- Phase 2 -Preparing The Plant For Shutdown By Declassification And Handover: Have a list of projects that need to be done to prepare for the shutdown. Clear the space if needed. Move things that need to be moved, if something cannot be moved, cover it.
- Phase 3 – Monitor The Schedule And Daily Change What Does Not Work: Make sure your plant is set up for safety. Check the PPE that is required. The only people who get in are the ones that need to be in. Verify work when completed. Create a committee that manages the schedule and helps with problems that may arise. This committee should have a plan to make, a review, and an adjustment. At the end of the day, they should check and see if the timeline is being followed and what issues have arisen and what can be done.
- Phase 4 – Prepare To Resume Operations As Soon As Possible: Double-check all work and clean the plant completely. Clean the HVAC system to avoid contamination that may have occurred during the shutdown. Perform an inspection of the whole plant. Sign off and hand the plant back to operation.
- Phase 5 – Present The Report After The Shutdown: Make sure that all equipment is functioning properly. Some of the devices may be reset and need adjustments.
What Should Be Included In The Post Report Shutdown?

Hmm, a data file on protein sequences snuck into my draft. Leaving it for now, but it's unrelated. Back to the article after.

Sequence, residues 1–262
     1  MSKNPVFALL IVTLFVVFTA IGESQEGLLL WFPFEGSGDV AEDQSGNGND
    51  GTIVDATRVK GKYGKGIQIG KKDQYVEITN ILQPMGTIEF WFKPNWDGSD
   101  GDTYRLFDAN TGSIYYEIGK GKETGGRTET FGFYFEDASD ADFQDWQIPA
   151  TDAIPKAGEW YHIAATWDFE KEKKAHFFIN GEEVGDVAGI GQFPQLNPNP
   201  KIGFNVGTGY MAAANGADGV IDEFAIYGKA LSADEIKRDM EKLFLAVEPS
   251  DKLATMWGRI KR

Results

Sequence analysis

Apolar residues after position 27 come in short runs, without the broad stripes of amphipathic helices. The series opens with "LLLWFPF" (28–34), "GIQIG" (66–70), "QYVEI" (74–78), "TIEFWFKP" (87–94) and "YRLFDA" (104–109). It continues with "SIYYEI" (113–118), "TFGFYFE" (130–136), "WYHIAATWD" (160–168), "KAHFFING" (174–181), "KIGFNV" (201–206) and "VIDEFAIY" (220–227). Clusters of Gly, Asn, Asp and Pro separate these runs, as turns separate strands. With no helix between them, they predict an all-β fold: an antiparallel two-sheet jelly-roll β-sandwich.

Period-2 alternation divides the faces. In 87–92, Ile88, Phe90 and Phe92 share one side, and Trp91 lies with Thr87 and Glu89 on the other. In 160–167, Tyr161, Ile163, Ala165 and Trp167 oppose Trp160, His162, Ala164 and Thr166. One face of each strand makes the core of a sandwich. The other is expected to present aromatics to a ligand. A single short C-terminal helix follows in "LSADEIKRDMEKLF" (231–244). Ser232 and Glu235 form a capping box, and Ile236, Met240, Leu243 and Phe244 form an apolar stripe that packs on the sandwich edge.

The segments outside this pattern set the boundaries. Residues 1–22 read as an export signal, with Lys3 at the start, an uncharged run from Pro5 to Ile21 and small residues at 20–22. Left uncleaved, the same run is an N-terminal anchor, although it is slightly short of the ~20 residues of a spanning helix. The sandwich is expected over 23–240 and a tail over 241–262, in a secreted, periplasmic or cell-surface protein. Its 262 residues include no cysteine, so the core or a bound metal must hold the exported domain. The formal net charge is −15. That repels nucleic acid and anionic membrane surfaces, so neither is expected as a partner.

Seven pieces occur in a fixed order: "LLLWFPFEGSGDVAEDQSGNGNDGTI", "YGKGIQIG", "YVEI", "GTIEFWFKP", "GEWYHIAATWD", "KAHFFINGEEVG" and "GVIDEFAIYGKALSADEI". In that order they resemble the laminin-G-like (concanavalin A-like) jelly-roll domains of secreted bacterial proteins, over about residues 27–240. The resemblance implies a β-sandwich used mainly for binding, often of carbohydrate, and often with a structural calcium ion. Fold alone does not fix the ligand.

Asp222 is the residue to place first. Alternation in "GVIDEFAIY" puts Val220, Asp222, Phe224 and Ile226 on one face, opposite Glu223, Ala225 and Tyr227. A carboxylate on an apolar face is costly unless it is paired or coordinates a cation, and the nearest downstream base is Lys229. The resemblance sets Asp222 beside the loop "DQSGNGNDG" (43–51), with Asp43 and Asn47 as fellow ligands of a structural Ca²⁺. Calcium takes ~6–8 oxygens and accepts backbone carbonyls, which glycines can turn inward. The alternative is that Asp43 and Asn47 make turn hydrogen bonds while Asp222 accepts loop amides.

- Executive summary: This should include a review of what problems occurred as well as what went well.
- Completed checklists from the handovers covering all activities that passed.
- Engineering status
- Environmental controls
- Validation status, all need to be verified.
- Changes to the timeline and show why they were changed.
- Environmental controls.
This report is submitted for final approval to the leaders of the shutdown, including the plant owner.
A Few More Crucial Things To Remember About Shutdowns
No matter the type of shutdown that is happening, the management needs to have the operating schedule as a top priority. This ensures that the shutdown doesn’t mess with other jobs. A detailed plan of the work needed to be done during the shutdown should be used in conjunction with scheduling so that the tradesmen and contractors can be a part of the planning process. This is especially important with plants that work 24 hours a day, 7 days a week.
Make sure you have enough planning time before the shutdown occurs for it to be a successful shutdown. Some plants have safety concerns, they will need to have a specialist on-site to test for risk of exposure.